On day three, the principals dug in even deeper to culturally responsive practices. Dr. Colin Rose and Dr. Hayden Frederick-Clarke of BlackPrint Education Consulting discussed the importance of catering to people of all cultures in our school communities, and understanding that students have to be taught in methods they understand and can relate to in order to be truly successful. Many aspects of our society, including education, default to a lens for generally white audiences, so it is so important to understand the students we serve and the communities they come from. These experts provided principals with a framework for implementing culturally sustaining practices. One principal noted that educators must be intentional and “know who [their] target audiences are to develop meaningful experiences for all stakeholders.” And another said it so well that “It's not only about addressing the needs of the whole child, it's also about the needs of the whole school. As school leaders, we are challenged to know all of our school stakeholders from students, their caregivers, and our staff. This then allows us to utilize strategies to improve our schools in planning student learning and their own unique development.”

We are so happy to have successfully launched our first School Leadership Summer Residency.  Participating principals shared feedback that the combination of information, peer discussions, and tools to improve teacher recruitment and retention, school climate and culture, and culturally sustaining practices contributed greatly to their school improvement planning. We look forward to selecting our principal fellows who will be focusing on a specific area of school improvement over the course of three years. Each Title I principal who participated in the residency program will have the opportunity to apply for a fellowship grant of their choice: teacher recruitment and retention, school climate and culture, family and community engagement, or leadership and management, which includes $10K in grant funding to support their school improvement strategies. Based on the incredible principals we have worked with this past month, we are confident that our next fellows will be doing great work. You can learn more about our School Leadership Initiative here.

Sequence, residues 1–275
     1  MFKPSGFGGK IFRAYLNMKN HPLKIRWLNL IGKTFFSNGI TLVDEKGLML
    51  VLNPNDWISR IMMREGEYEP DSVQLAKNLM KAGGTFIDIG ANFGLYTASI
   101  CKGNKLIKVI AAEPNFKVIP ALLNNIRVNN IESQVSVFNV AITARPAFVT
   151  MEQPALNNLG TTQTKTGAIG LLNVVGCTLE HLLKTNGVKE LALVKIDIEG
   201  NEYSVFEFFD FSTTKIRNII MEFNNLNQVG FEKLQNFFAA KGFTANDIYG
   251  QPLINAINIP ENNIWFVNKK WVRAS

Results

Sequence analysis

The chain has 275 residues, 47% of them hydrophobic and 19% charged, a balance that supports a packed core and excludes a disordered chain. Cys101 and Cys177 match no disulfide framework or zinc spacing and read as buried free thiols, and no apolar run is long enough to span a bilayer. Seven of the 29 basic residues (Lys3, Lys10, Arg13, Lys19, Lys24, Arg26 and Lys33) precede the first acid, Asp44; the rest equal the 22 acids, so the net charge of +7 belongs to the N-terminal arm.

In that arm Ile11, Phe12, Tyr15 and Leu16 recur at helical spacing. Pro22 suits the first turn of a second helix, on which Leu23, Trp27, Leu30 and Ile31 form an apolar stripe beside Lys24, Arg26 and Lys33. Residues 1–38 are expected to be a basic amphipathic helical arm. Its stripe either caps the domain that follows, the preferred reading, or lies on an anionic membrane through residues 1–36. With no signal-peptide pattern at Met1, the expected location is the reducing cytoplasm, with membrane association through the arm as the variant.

2020 School Leadership Initiative Summer Residents

Simaran Bakshi, Wayman Academy

Weisha Day-Killette, Rufus E. Payne Elementary

Helen Dunbar, Sadie Tillis Elementary

Tiffany Emanuel-Wright, Love Grove Elementary

Latrese Fann, Andrew Robinson Elementary

Cindy Gentry, Martin Luther King Jr. Elementary

Franklin Graham, Long Branch Elementary

Tiffany Green, Woodland Acres Elementary

Felicia Hardaway, North Shore Elementary

Jamey Hough, River City Science Academy

Angela Jordan-Long, White House Elementary

Marianne Lee, Mamie Agnes Jones Elementary

Sanaa McBride, Biscayne Elementary

Charles McWhite, Tiger Academy

Shawn Platts, Stonewall Jackson Elementary

Lawanda Polydore, St. Clair Evans Academy

Charles Reddick, Windy Hill Elementary

Jessica Sales, Normandy Village Elementary

Ta’Vianna Sanders, Highlands Elementary

AuGena Sapp, Gregory Drive Elementary

Sanethette Shubert, Kings Trail Elementary

Sabrina Session-Jones, Biltmore Elementary

Aaron Walker, Beauclerc Elementary

Michelle Walsh, Lake Lucina Elementary

Robyn White, Hogan-Spring Glen Elementary

Andrea Williams-Scott, Jacksonville Heights Elementary

Shirley Winfrey, Hyde Park Elementary






of public schools in Duval County earned an "A," "B," or "C" in 2021-2022.